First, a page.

(5) The chapter is ended off with a multiple-choice questionnaire to test your knowledge and with practical field exercises. A few guidelines to ensure that learning is optimal and enjoyable: • The study guide is based on two books: - High-Impact Consulting: How clients and consultants can leverage rapid results into long-term gains. Robert H. Schaffer . - The Breakthrough Strategy: Using short-term successes to build the high performance organisation. Robert H. Schaffer . It is recommended that you familiarise yourself with the contents of these books before studying this guide, starting with High- Impact Consulting . • Study the chapters of the workbook sequentially. Each chapter in the guide is a build on the previous – except for chapter 1 that provides context. • Do the practical exercises in your own organisation or approach any organisation of choice to grant you permission to perform low-risk experiments. Apply, apply, and apply… • Review Part 1 especially on the Return On Assets Managed (ROAM) model as a framework to show economic value. Reference will be made to ROAM in this workbook. • Sleep on a chapter and look for real-life examples before you tackle the next.
161 ICT2641/102/0/2009 PART 2 CHAPTER 1 BUSINESS ANALYSIS: AN OVERVIEW Introduction This chapter provides a strategic context. The changing role of business analysis is explained within the context of changes in the business world. At the end of this chapter the learner will fully understand how the task of a business analyst is changing and why. To achieve this learning goal the following topics will be covered: • Changes in the business arena • Traditional business analysis in crisis • Emerging changes in business analysis • New task roles of the business analyst • Multiple business analysis competencies Changes In Business The role of the business analyst is directly influenced by changes in the business environment. Therefore, let’s firstly examine the most significant changes that are taking place in the business world: • Businesses are going global. Small firms, medium-sized private companies and large corporates are going truly global. Internet-based technologies are making all of this possible. This means that a small South African firm can market and sell African arts on-line anywhere in the world in real-time. A large American corporate can buy red wine supplies electronically from a South African supplier, re-sell it electronically in Europe and arrange shipping electronically with almost any distribution company. Suppliers of goods, service providers, competitors, customers, clients and all business stakeholders are linked like never before. This shift requires new business models and different technology strategies.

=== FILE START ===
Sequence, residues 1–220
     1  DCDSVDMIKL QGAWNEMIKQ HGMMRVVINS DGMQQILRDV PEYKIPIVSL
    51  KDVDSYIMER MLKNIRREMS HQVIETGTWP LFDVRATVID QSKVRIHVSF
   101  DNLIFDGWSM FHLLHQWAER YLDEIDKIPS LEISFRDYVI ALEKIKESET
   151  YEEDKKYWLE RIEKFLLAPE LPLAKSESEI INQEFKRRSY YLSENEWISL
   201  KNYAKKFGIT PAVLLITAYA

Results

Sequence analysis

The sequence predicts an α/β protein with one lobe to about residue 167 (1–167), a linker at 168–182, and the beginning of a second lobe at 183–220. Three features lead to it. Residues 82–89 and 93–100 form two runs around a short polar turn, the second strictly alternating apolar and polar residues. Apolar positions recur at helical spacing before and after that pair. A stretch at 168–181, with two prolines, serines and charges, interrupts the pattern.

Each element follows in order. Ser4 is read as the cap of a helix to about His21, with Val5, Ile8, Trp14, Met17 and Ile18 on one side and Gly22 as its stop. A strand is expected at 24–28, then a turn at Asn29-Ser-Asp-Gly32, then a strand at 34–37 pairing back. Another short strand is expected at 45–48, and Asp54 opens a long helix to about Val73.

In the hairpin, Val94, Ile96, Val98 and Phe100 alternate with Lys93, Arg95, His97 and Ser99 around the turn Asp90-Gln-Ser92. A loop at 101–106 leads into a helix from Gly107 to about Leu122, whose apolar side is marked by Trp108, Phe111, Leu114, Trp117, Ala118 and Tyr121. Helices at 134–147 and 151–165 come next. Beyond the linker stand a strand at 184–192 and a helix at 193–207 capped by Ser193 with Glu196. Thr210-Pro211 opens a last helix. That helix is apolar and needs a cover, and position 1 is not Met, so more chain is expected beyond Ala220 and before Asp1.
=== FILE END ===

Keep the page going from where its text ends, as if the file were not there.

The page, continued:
162 ICT2641/102/0/2009 • Boundaryless businesses. Twenty-first century businesses are becoming boundaryless as a result of technological advances as well as through the increasing rate of mergers and acquisitions. Ron Askenas ( et al , 2002) distinguishes between four boundary types: - Vertical boundaries:
- Summer '10
- Management, ........., Business analyst